The low hum of discontent finally became audible on the last day of the United States Hispanic Chamber of Commerce (USHCC) Annual Convention, held in Los Angeles October 16–19, 2002. After listening to a litany of complaints and comments during a general membership session, incoming USHCC Chairman J.R. Gonzales concluded, "We hear you, and we have to fix the system."
Earlier in the day, a group of disgruntled chambers staged a public protest on the steps of the Los Angeles Convention Center to oppose the election of USHCC board members. Dissenting chambers included such heavyweights as the Latin Business Association (LBA), the ostensible host of the USHCC convention; the Texas Association of Mexican American Chambers of Commerce (TAMACC); the Florida State Hispanic Chamber; and the Albuquerque (New Mexico) Hispano Chamber. Although each chamber had its own story, they expressed similar themes: exclusion of board candidates or member chambers from the election process, confusion over the rules, suspicions that exclusions were politically motivated, and lack of communication from USHCC leadership.
Dissent erupted on the first day of the convention, when the LBA addressed the USHCC board about the exclusion of David Lizárraga as a candidate for a board seat. The USHCC had ruled that the LBA was not a member in good standing and therefore couldn't sponsor Mr. Lizárraga for the election. After reviewing the case – including such minutiae as the dates of canceled checks and certified letters – the USHCC board reaffirmed Mr. Lizárraga's ineligibility.
Thereafter, a dissenting coalition came together almost spontaneously. By the final day of the convention, it had 60 chambers, an attorney, and a press release enumerating its complaints (to see the release, go to HispanicBusiness.com/go/ushcc">www.HispanicBusiness.com/go/ushcc). At press time, 130 chambers had joined the coalition.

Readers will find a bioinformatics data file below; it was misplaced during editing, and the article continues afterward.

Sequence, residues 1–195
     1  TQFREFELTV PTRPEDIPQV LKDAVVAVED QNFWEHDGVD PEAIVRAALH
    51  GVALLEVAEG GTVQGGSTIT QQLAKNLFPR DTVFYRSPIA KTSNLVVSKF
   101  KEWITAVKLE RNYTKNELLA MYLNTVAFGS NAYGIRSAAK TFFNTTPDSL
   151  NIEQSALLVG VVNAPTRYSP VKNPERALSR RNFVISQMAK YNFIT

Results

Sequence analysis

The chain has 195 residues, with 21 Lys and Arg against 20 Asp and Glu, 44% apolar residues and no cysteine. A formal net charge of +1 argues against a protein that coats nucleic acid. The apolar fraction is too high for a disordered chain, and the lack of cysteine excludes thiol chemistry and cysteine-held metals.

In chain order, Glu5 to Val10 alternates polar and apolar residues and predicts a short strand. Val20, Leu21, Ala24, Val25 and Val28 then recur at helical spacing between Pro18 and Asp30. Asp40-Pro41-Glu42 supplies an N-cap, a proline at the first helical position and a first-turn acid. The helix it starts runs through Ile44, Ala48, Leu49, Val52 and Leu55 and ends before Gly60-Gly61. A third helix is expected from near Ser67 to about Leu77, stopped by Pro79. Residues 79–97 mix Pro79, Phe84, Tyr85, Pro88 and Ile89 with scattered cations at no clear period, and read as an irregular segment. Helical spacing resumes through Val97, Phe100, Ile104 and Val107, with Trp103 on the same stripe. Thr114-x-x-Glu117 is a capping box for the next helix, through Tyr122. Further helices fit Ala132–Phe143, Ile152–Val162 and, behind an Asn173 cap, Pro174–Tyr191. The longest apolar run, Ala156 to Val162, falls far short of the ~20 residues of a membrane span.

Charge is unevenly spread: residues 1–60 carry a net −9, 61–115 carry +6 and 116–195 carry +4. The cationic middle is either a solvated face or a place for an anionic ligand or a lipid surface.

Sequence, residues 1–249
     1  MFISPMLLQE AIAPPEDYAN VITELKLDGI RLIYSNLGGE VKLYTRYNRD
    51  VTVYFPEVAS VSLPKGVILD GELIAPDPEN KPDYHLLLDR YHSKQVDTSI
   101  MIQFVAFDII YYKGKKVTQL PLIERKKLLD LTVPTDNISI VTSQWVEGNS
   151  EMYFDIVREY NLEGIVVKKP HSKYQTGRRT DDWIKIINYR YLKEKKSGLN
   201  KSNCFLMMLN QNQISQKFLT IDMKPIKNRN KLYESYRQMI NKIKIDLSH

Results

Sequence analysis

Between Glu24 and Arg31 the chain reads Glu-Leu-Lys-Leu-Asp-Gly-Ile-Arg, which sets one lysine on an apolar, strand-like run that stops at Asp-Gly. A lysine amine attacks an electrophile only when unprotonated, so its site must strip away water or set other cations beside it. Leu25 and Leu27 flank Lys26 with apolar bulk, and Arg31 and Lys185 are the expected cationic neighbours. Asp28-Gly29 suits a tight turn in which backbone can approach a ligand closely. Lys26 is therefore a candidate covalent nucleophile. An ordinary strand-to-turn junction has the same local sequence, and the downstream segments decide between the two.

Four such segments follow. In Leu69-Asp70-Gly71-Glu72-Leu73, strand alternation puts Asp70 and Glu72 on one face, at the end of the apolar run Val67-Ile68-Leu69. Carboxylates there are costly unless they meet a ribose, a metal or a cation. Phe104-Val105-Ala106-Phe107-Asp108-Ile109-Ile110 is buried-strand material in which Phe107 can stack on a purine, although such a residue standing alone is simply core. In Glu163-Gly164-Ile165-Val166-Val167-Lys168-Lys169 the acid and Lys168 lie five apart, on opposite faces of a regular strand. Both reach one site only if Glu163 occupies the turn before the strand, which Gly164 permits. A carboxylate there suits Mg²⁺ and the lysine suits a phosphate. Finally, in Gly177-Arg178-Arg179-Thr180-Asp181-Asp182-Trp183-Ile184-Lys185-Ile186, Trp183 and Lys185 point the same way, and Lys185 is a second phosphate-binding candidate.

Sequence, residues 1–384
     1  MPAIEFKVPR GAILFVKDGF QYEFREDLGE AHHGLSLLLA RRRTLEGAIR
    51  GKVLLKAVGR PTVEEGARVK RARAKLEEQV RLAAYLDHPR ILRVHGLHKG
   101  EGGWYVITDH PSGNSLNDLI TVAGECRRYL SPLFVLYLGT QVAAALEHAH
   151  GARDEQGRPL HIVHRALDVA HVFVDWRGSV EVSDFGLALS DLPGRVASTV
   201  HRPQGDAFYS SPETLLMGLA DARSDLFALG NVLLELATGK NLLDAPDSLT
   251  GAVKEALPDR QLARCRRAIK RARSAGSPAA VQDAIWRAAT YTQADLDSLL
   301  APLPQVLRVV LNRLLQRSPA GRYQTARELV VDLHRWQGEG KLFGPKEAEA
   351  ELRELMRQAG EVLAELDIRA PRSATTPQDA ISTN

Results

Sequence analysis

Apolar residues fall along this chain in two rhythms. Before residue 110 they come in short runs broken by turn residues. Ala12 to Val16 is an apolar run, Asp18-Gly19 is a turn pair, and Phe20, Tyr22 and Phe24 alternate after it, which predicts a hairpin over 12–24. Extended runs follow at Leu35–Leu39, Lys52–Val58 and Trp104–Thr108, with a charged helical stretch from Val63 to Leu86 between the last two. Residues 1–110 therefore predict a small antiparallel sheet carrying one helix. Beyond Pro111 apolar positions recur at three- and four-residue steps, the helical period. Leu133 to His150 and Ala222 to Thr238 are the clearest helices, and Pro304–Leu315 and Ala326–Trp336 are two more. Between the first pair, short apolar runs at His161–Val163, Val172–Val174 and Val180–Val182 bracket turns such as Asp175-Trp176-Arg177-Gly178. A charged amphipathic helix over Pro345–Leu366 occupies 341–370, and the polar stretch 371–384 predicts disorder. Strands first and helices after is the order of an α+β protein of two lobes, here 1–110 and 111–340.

In response, the USHCC issued a statement (see HispanicBusiness.com/go/ushcc">www.HispanicBusiness.com/go/ushcc) detailing its election procedures for 200 Hispanic chambers across the country, of which 133 qualified as members. Later in the day, a new board took office and Mr. Gonzales formally assumed chairmanship of the organization.
In the aftermath of the convention, the dissenting chambers adopted the name Coalition of Hispanic Chambers of Commerce for Fairness and Inclusion. Also, the Florida State Hispanic Chamber of Commerce (FSHCC) gathered the reform-minded state chambers to participate in its Annual Conference and Procurement Expo. At the event, the coalition signed a memorandum of understanding with the U.S. Chamber of Commerce, the Small Business Administration, the U.S. Hispanic Business Roundtable, and five state Hispanic chambers. The agreement outlines plans for 16 to 18 regional small-business events around the country focusing on procurement and capital access issues.
Hispanic Business interviewed both Mr. Gonzales of the USHCC and Mr. Lizárraga of the coalition; edited versions of their comments are presented here.
THE NEW CHAIRMAN
J.R. Gonzales assumes leadership of the USHCC in the midst of an organizational crisis, the depth of which he may not recognize.
Like most nonprofits, the USHCC has an established routine for leadership succession: the vice-chairman moves up to the top spot when the chairman retires. This year, the organization nearly broke form, but in the end former vice-chairman J.R. Gonzales of Texas won a three-way election to become the new chairman.
He inherits a chamber confronting a public protest as well as calls for financial and board transparency (see "Agendas Cross in the USHCC Boardroom," September 2002).
Mr. Gonzales, CEO of the public relations firm JRG Communications, spoke with Hispanic Business via telephone from Austin, Texas.
HB: What is your platform as chairman? What projects or issues do you plan to emphasize? Any major changes?
JRG: Here are some bullet points we're going to be working on: •Increasing procurement to chambers, and better access to capital for chambers. We have a procurement committee that last year concentrated on corporate markets; now they're expanding their focus to the government. We're working to expand opportunities for members – not chambers, but individual businesses that belong to those chambers. The USHCC should be a vehicle and clearinghouse for those opportunities. •Increasing membership and outreach efforts. According to the last annual report, the USHCC has increased membership from 91 members in 1998 to 133 in 2002. •Developing a program under which local chambers can receive a percentage of investment dollars when corporations invest with the USHCC. •Fostering outreach to other Hispanic organizations and working with those who share our agenda. HB: How about the coalition [of chambers]. How do you plan to handle its emergence? You are talking with them, right?
JRG: Ever since the [USHCC] convention we have maintained dialogue with individuals and organizations about the process. Let me emphasize that the process has always been open. The process used in Los Angeles was used in Atlanta and the previous conventions.